Three Orthodox Jews from Brooklyn have joined forces with two Catholic priests to file a lawsuit against New York Governor Andrew Cuomo and New York City Mayor Bill de Blasio, accusing them of employing a "blatant double standard" in barring religious services to go ahead even as protestors are allowed to congregate in the city.
The three Jewish congregants, Elchanan Perr, Daniel Schonborn and Mayer Mayerfeld, along with the two priests, Steven Soos and Nicholas Stamos, filed the suit in the Northern District of New York on June 10 following large-scale protests by Black Lives Matter supporters.
The claimants were represented by the Thomas More Society, and Attorney-General Letitia James also appears on the suit, charged alongside Cuomo and de Blasio with violating the plaintiffs’ rights to free exercise of religion, freedom of speech, assembly and expressive association, and due process, all under the First and Fourteenth Amendments to the US Constitution.
De Blasio has come under particular criticism by the group, with numerous violations detailing acts of alleged discrimination by the mayor. They point out that on June 4, de Blasio himself didn't adhere to social distancing and the 10-person limit on gatherings when he attended a mass political rally at New York City's Cadman Plaza. He also failed to wear a face mask at the event.
Days later in Williamsburg, hassidic children were evicted from a park by a police officer for violating the 10-person limit.
The Jewish community also came under attack from de Blasio in April when he threatened the community with arrest and prosecution following the funeral of Rabbi Chaim Mertz, which was disbanded by police in Williamsburg.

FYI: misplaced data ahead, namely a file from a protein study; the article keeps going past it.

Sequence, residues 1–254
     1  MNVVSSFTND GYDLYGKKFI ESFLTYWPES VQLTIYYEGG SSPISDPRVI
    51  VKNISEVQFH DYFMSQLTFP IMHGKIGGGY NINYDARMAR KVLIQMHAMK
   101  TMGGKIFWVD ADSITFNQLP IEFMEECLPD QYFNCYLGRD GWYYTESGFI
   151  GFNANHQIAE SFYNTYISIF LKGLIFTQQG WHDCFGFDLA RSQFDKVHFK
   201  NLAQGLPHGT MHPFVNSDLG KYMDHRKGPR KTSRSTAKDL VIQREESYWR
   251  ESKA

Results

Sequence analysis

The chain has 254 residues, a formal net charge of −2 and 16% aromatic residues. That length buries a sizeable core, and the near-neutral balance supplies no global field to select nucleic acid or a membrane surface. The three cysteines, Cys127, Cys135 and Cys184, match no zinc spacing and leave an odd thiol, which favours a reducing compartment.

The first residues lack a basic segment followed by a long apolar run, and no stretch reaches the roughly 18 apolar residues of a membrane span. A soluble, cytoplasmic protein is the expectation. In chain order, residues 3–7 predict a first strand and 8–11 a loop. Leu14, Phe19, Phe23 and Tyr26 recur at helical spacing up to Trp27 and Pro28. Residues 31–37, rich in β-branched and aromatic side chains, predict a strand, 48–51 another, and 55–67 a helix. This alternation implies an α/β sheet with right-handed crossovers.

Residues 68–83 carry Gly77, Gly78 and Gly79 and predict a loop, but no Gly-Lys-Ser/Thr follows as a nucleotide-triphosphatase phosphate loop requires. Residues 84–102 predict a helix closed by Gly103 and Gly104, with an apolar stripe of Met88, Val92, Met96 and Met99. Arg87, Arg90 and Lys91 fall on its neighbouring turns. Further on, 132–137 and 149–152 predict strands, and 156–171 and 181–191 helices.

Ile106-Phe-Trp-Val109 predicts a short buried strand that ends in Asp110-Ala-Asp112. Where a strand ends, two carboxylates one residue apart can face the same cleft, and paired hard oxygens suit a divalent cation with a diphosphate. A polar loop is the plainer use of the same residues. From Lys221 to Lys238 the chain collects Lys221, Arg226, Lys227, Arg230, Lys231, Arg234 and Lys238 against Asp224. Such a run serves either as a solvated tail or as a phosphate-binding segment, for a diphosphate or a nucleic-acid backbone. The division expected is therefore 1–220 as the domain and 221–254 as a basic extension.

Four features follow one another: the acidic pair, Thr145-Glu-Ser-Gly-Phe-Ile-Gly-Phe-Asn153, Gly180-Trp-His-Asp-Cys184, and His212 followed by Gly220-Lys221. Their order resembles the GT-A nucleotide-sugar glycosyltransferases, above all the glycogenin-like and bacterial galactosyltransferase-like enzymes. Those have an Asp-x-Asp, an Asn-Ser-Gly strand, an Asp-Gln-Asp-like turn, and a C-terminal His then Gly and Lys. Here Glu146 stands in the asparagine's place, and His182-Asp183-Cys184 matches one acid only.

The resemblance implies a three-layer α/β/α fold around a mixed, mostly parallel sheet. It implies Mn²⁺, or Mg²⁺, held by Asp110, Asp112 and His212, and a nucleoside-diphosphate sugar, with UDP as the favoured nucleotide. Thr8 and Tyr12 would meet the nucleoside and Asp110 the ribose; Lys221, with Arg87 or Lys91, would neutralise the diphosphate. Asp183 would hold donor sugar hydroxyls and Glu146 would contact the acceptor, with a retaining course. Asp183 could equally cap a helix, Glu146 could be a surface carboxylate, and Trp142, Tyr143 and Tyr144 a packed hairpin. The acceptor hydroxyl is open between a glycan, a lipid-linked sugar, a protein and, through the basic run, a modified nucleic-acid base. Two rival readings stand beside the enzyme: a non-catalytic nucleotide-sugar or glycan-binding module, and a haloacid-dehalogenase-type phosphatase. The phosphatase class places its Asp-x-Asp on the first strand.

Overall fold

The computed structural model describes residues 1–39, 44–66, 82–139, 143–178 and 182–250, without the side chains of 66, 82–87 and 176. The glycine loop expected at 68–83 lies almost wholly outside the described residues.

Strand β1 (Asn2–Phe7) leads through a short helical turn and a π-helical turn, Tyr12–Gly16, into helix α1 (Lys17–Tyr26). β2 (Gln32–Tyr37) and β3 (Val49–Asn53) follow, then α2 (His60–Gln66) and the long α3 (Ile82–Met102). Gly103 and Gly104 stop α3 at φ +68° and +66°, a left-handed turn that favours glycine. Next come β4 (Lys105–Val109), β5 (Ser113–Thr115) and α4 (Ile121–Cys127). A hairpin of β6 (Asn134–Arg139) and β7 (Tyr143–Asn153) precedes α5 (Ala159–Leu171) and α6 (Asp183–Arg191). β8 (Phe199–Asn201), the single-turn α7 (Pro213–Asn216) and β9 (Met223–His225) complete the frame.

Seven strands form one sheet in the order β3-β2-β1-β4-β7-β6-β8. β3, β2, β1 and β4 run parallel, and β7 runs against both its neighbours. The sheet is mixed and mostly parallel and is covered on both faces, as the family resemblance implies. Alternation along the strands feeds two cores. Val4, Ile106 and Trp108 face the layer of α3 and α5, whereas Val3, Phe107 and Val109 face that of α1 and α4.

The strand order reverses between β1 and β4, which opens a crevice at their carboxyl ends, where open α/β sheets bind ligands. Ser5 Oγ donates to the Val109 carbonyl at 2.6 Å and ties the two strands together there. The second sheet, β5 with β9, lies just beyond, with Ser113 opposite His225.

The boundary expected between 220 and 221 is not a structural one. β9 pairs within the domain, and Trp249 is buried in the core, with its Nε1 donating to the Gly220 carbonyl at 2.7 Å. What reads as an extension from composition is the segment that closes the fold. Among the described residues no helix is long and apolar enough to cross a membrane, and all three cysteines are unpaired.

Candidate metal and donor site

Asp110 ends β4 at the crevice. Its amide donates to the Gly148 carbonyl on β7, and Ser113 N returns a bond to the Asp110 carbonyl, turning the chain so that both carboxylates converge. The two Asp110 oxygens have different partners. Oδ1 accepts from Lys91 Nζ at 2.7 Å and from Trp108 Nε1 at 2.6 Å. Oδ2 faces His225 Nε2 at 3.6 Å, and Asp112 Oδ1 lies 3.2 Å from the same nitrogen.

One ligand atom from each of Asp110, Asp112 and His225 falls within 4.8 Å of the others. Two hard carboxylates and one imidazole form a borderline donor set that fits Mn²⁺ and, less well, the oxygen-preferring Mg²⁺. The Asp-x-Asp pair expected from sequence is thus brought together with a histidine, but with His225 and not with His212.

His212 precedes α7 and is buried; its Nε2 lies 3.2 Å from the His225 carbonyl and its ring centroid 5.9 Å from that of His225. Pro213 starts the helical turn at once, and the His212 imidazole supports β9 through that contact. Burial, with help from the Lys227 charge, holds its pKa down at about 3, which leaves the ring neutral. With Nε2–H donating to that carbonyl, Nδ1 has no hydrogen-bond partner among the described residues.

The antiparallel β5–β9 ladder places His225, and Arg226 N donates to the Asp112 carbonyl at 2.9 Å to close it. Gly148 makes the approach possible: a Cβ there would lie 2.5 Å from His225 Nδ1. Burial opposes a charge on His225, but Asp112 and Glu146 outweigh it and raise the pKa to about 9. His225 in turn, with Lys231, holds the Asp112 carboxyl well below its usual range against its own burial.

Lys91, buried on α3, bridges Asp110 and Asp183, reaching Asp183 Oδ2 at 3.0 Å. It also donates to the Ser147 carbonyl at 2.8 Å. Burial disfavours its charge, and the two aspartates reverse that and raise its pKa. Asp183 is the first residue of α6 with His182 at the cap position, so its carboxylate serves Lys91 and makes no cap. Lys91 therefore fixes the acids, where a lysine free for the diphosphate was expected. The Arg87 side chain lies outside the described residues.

“My message to the Jewish community, and all communities, is this simple: the time for warnings has passed,” de Blasio tweeted. "I have instructed the NYPD to proceed immediately to summons or even arrest those who gather in large groups. This is about stopping this disease and saving lives. Period."
He later doubled down on his threat, issuing a statement of regret for the tone of his tweet, but insisting that it constituted "tough love."
“These orders, both the emergency stay-home and reopening plan declarations, clearly discriminate against houses of worship," Christopher Ferrara, Thomas More Society special counsel, said in a statement on the society's website. "They are illegally content-based, elaborate, arbitrary and pseudo-scientific."
Alleging that the application of the "so-called science" was irrational, Ferrara added: “Why is a large worship gathering deemed more dangerous than a mass protest, full of shouting, arm-waving people in close proximity to one another?”
The complaint accuses Cuomo, de Blasio and James of "an unprecedented abuse of power" and of exploiting the coronavirus pandemic "to create, over the past three months, a veritable dictatorship by means of a complex web of defendant Cuomo’s executive orders."
In particular, the application of executive orders to limit religious worship has been highlighted in the complaint, given that Cuomo's orders explicitly forbid “congregate services within houses of worship” and “congregations of groups for religious service or ceremony,” singling out religion for particular regulation under social distancing measures.
Furthermore, the ban on gatherings of more than 10 people has all but ended communal religious worship, reducing religious services to "minuscule congregations," the complaint adds.
Meanwhile, although New York's theaters are supposed to remain closed, venues have been opening their doors to protestors for rest, use of Wi-Fi, use of the bathrooms and provision of food and water – while preventing police from accessing the premises. None of these actions have resulted in objection or interference from Cuomo or de Blasio.
“It is time to end New York’s experiment in absolute monarchy,” said Ferrara. “We are asking the court to put an end to these unconstitutional executive orders and their prejudicial enforcement.”